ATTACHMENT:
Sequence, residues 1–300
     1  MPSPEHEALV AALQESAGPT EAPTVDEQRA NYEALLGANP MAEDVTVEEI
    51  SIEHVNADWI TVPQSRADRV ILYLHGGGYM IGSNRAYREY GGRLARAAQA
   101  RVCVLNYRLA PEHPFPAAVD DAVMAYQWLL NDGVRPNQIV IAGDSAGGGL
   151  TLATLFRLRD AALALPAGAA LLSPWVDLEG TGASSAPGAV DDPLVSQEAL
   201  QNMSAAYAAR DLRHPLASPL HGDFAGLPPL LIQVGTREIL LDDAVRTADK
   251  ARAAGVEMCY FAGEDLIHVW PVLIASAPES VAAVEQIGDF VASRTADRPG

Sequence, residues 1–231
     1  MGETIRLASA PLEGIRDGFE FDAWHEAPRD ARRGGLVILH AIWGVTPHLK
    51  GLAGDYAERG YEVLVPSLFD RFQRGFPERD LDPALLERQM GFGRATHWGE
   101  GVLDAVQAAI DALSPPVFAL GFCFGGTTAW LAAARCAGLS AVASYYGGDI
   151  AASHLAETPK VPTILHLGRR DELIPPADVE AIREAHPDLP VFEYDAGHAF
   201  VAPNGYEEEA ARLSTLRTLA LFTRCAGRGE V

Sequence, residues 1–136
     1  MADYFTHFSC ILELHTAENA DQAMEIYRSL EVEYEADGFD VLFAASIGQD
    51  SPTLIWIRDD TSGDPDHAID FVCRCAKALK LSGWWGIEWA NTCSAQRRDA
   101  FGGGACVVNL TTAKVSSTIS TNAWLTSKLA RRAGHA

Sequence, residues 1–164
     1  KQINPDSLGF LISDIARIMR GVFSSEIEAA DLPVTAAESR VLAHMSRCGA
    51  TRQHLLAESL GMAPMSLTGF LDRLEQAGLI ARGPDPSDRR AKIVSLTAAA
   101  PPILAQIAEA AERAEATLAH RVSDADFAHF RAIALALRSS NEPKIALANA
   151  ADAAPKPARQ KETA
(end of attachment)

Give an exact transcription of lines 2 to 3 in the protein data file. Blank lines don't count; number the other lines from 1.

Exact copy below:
     1  MPSPEHEALV AALQESAGPT EAPTVDEQRA NYEALLGANP MAEDVTVEEI
    51  SIEHVNADWI TVPQSRADRV ILYLHGGGYM IGSNRAYREY GGRLARAAQA